I was sold on Evolve, convinced by a weekend spent game hunting in October’s Big Alpha. The player numbers seemed to suggest others felt similarly. This is it then, I thought: a high profile title has found approval in alpha and it’s a straight road to release.

However, there was dissent among pundits, forcing me to ponder why some players had rebounded from Evolve, confused by what they found. Turtle Rock have a long history with the Counter-Strike series and created Left 4 Dead. With those credentials, a similar first-person set-up of four friends chasing a fifth controlling a hairy monster should make for an instant connection with players. But there was a contingent who didn’t expect what Evolve was offering. And it turns out, after being dispatched to a Turtle Rock’s studios to play it, neither did I.

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Early Impressions: The Crew

By John Walker on December 2nd, 2014.

Ubisoft’s The Crew is now out, via Steam in the US and UPlay and something called “shops” in other parts of the world. Ubisoft, after the PR disaster of trying to impose post-release embargoes on Assassin’s Creed: Unity reviews, have taken the rather bold step of informing customers not to trust early reviews. This is because they’ve withheld review code from journalists until just before launch, and then insisted that no fair opinion of it can be gained until it’s been played for dozens of hours, the end-game reached, on populated servers. Indeed, no fair review could be written in a day – especially one where, surprise, there are server issues – but impressions can certainly be had of those opening few hours. I’ve written mine below.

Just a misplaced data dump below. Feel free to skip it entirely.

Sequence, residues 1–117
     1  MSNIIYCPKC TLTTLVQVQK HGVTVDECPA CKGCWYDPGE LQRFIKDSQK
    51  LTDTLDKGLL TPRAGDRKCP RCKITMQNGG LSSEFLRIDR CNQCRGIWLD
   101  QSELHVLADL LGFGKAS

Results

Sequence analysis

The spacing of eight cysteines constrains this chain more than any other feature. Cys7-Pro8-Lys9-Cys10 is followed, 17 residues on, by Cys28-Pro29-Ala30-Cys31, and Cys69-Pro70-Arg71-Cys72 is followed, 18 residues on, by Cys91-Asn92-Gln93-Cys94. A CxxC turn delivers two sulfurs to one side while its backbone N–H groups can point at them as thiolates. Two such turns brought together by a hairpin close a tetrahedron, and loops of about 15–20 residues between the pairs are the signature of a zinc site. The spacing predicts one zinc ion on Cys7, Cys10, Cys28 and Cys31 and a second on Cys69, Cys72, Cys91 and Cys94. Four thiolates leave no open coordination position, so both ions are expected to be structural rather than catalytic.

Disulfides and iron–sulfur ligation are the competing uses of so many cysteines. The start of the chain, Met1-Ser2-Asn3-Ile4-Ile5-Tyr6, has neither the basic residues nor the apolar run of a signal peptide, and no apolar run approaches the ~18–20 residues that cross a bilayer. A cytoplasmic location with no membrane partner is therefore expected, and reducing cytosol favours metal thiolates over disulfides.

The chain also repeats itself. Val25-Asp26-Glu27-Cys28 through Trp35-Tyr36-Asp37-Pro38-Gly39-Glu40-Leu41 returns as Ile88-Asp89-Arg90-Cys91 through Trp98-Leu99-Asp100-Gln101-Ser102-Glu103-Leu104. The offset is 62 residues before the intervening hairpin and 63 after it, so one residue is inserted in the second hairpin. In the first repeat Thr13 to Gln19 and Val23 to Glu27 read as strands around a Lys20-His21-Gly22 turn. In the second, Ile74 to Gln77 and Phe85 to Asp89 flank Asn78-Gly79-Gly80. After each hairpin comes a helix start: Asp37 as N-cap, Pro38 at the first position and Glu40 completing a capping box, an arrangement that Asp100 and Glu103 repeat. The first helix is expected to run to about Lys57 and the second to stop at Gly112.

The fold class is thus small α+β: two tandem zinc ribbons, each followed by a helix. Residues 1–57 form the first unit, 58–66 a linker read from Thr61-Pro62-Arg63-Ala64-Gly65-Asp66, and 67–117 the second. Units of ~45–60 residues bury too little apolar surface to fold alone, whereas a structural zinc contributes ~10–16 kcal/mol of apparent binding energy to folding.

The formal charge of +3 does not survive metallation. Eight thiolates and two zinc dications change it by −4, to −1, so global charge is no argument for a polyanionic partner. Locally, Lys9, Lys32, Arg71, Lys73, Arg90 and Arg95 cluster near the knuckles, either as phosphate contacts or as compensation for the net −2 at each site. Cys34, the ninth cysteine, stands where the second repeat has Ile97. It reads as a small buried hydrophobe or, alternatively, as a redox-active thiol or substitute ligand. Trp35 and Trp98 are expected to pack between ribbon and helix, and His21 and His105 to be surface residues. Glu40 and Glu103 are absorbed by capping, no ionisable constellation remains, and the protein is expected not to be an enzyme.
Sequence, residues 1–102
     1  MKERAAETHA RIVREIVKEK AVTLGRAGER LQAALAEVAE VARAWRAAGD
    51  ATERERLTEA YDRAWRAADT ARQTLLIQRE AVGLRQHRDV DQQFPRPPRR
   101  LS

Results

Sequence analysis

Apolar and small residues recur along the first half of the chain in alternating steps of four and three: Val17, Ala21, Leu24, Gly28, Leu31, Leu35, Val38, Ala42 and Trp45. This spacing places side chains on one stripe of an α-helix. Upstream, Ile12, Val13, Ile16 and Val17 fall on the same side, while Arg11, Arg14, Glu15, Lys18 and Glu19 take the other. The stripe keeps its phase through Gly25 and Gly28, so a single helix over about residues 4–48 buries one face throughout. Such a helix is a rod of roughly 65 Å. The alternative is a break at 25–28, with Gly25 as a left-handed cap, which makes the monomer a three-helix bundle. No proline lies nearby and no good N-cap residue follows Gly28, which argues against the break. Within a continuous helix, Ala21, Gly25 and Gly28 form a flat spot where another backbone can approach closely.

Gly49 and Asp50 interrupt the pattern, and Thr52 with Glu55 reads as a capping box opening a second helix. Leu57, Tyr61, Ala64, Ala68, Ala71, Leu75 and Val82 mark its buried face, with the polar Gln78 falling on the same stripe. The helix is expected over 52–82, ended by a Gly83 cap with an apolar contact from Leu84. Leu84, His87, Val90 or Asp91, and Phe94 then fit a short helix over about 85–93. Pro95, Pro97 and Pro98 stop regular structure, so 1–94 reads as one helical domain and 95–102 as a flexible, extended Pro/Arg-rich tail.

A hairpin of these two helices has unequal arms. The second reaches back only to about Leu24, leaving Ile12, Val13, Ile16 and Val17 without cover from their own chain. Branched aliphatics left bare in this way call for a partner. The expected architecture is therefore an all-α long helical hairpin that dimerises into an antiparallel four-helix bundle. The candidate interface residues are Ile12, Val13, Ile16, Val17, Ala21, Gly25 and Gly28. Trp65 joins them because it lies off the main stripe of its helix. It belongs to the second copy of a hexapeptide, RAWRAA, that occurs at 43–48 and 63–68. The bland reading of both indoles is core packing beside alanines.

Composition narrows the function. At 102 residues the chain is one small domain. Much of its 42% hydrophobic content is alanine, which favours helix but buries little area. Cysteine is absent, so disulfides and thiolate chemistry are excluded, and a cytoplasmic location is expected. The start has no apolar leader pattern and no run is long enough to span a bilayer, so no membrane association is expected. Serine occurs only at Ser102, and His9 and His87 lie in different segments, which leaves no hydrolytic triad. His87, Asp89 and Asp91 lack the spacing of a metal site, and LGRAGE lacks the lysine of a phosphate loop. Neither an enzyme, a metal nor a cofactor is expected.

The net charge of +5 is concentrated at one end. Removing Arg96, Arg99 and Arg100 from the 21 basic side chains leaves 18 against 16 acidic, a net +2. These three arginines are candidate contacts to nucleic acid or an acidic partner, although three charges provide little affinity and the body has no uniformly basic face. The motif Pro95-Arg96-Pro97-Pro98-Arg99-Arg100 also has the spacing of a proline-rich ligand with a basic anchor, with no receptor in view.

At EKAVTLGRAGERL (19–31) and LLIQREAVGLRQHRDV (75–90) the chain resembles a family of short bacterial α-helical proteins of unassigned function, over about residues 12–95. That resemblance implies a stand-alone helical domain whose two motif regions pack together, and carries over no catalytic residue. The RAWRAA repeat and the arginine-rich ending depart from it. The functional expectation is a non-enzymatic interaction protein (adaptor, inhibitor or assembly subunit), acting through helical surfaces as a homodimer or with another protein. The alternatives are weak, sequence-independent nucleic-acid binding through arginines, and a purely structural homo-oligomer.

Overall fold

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Wot I Think: Lumino City

By Philippa Warr on December 1st, 2014.

Bandstand sunbathing - it's the next big thing

Update: There’s an update at the end of this post with notes after playing the remaining levels in the finished build.

The thing you’ll remember about Lumino City, certainly from the build I played, is the handcrafted element. That’s for both positive and negative reasons.

Lumino City is a point and click adventure which follows a young girl called Lumi as she tries to find her missing grandfather. The story plays out across a papercraft city – one which actually exists in miniature in real life – and revolves around solving puzzles and assisting the cast of odd cliff-dwelling characters.

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Hands On: The Curious Expedition

By Adam Smith on November 28th, 2014.

The Curious Expedition is a breezy, bright and endearing game about small groups of explorers who head into the unknown to seek golden pyramids and other wonders, natural and man-made. There have been comparisons to FTL, which are understandable but not entirely appropriate. While many of the same elements are included – a journey, a ‘crew’, permadeath, limited resources, randomisation, emergent narrative from minimalist components – but the machine for which those elements are fuel is quite different. Happily, one area in which a direct comparison can be made is quality.

I’ve been playing the alpha and having a splendid time.

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Impressions: Mordheim Early Access

By Adam Smith on November 27th, 2014.